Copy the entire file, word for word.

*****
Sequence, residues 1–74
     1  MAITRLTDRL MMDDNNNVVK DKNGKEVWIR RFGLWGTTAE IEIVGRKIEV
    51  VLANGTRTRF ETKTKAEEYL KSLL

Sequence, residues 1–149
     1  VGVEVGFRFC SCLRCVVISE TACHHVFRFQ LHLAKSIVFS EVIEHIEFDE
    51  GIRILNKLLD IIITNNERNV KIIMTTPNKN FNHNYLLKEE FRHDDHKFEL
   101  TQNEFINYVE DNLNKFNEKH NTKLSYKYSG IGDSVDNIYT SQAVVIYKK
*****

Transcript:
Sequence, residues 1–74
     1  MAITRLTDRL MMDDNNNVVK DKNGKEVWIR RFGLWGTTAE IEIVGRKIEV
    51  VLANGTRTRF ETKTKAEEYL KSLL

Sequence, residues 1–149
     1  VGVEVGFRFC SCLRCVVISE TACHHVFRFQ LHLAKSIVFS EVIEHIEFDE
    51  GIRILNKLLD IIITNNERNV KIIMTTPNKN FNHNYLLKEE FRHDDHKFEL
   101  TQNEFINYVE DNLNKFNEKH NTKLSYKYSG IGDSVDNIYT SQAVVIYKK